Melon Salmonella Recall: Symptoms, How to Tell If Yours Is Safe to Eat

Watermelons are seen in Talad Thai wholesale market outside Bangkok, Thailand April 26, 2018. Pre-cut melon in the United States was recalled for possible salmonella contamination. Soe Zeya Tun/Reuters

A recall has been issued for another summer favorite, this time for the risk of a possible salmonella contamination. Packages of pre-cut melon were recalled over the weekend in eight states for possible contamination.

The recall is for several types of melon including watermelon, honeydew melon and cantaloupe as well as any fruit salad that comes with one of the recalled melons in it. The melons that were affected were from the Caito Foods facility in Indianapolis, according to a press release.

The Centers for Disease Control and Prevention were tracking illnesses possibly related to the contamination that have appeared in five states. As of Sunday the case count was at 60 and of those 60, 31 people had been hospitalized but there were no reported deaths.

The items that could be contaminated were shipped between April 17 and June 7 and could still be on shelves in states where people have reported illnesses. The possibly contaminated melon was sent to retailers in Georgia, Illinois, Indiana, Kentucky, Michigan, Missouri, North Carolina, and Ohio. The melon products were sold by Costco, Kroger, Trader Joe's, Walgreens, Walmart, and Whole Foods/Amazon to name a few. They were distributed by distributed by Caito Foods Distribution, Gordon Food Service, and SpartanNash Distribution, according to the CDC.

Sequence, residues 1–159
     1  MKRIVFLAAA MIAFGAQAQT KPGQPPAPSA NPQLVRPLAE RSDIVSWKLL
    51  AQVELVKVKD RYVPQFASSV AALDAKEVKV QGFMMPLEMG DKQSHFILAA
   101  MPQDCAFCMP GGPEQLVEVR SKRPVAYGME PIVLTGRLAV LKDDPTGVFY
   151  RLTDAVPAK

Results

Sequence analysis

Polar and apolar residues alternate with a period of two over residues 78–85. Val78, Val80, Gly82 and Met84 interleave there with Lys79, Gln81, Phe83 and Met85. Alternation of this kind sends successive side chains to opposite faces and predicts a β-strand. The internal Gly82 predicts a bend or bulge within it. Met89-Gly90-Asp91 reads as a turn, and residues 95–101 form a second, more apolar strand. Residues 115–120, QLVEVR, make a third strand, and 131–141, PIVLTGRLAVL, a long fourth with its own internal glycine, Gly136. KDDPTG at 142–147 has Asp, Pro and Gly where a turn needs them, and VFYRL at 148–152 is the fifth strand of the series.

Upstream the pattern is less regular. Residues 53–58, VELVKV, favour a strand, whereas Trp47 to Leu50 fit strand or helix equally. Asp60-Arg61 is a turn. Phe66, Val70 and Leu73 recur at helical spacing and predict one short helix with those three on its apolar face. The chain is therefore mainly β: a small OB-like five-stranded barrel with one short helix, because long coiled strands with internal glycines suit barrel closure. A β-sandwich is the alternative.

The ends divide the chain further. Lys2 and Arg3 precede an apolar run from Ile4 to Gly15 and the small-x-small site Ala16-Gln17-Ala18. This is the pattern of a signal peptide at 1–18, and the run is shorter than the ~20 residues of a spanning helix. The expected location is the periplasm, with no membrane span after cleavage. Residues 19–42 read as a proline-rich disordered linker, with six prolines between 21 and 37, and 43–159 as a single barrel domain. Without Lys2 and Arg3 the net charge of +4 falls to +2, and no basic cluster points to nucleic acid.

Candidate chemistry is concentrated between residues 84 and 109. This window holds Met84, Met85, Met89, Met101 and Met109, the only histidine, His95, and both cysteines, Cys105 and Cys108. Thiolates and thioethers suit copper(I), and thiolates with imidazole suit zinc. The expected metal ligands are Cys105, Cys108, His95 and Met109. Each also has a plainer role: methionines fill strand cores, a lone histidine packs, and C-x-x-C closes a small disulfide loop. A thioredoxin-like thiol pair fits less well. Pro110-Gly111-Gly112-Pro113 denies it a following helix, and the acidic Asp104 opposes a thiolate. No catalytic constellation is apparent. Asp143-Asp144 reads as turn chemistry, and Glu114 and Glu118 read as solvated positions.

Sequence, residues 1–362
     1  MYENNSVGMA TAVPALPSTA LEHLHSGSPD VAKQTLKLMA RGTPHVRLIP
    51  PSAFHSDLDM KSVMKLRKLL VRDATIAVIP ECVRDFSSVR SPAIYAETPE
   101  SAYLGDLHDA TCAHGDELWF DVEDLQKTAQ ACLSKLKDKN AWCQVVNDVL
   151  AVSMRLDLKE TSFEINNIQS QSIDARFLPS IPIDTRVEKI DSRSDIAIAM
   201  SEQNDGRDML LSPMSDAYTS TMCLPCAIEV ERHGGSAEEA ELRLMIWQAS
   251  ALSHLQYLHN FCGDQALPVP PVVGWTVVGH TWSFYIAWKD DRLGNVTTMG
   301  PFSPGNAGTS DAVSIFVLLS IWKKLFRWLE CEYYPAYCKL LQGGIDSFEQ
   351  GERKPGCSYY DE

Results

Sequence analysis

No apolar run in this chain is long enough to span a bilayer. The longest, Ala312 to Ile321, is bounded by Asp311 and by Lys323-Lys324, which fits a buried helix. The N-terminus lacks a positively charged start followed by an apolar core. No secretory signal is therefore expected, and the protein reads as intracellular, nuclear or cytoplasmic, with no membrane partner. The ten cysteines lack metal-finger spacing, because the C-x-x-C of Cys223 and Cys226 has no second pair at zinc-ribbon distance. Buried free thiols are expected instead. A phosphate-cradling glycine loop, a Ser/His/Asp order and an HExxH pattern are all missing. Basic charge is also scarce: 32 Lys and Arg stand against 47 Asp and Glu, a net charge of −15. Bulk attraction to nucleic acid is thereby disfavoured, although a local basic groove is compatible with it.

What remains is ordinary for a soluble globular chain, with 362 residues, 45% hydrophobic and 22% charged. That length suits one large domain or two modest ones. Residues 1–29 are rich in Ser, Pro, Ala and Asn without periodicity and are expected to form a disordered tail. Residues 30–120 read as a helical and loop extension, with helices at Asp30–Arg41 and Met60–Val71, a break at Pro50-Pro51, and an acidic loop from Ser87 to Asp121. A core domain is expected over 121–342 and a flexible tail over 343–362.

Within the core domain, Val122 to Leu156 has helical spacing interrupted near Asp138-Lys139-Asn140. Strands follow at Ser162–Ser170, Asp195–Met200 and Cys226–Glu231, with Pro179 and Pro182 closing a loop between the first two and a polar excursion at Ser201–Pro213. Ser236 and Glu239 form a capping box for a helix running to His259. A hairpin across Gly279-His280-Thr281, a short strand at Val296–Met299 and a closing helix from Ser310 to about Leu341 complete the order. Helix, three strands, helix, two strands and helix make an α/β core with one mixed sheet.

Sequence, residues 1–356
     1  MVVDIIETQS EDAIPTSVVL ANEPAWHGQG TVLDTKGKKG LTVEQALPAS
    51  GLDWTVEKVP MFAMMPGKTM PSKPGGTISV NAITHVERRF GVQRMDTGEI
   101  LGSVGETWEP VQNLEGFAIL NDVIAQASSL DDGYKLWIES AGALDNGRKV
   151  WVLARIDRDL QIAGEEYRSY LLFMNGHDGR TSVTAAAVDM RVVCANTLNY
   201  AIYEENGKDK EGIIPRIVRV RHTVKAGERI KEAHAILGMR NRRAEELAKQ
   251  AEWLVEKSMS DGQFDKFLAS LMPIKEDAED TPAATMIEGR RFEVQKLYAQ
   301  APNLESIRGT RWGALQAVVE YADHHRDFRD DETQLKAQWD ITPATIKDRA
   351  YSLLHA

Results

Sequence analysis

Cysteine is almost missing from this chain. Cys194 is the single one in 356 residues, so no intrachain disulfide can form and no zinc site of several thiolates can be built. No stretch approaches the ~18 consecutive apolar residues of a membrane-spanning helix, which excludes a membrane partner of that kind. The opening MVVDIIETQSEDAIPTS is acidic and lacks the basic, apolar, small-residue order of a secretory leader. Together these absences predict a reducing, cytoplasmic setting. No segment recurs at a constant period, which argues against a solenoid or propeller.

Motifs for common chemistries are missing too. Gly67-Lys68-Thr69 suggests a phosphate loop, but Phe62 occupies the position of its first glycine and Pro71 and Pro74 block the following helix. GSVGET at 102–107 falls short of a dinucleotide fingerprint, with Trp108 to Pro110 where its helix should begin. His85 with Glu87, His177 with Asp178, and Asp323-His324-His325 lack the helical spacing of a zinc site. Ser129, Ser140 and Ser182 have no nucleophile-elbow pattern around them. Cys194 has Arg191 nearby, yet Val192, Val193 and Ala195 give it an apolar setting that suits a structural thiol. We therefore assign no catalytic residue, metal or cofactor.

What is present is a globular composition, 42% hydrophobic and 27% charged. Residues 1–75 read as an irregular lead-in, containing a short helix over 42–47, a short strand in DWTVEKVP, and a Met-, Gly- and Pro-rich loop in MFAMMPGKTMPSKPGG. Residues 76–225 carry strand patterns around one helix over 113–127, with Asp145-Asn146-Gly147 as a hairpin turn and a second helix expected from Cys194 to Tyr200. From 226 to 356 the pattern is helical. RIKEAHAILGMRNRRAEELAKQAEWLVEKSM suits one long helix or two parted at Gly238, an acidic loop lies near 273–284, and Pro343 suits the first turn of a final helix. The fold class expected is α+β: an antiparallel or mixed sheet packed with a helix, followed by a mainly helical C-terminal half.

The recall affected melon sent to 10 retailers and there are more than 80 universal product numbers customers should check to see if their melon was possibly contaminated. That UPC number can be found on containers of food below the barcode on the product and a list of the numbers, the best by dates, product descriptions and more to look out for can be found here.

Salmonella is a bacteria that usually causes symptoms in people between 12 and 72 hours after they're exposed to the contaminated food, according to the CDC. The bacteria can cause a person to become extremely ill with stomach cramps, diarrhea and a fever. While the illness can be serious, many people recover without the help of a doctor after four days to a week of being sick.

The CDC estimates that 1.2 million people in the United States get sick from the bacteria each year, 23,000 of which end up in the hospital. Cases are usually worse in young people, the elderly and those with already compromised immune symptoms.

Last month millions of eggs were recalled for a salmonella contamination as well and there were 35 cases reportedly linked to that outbreak.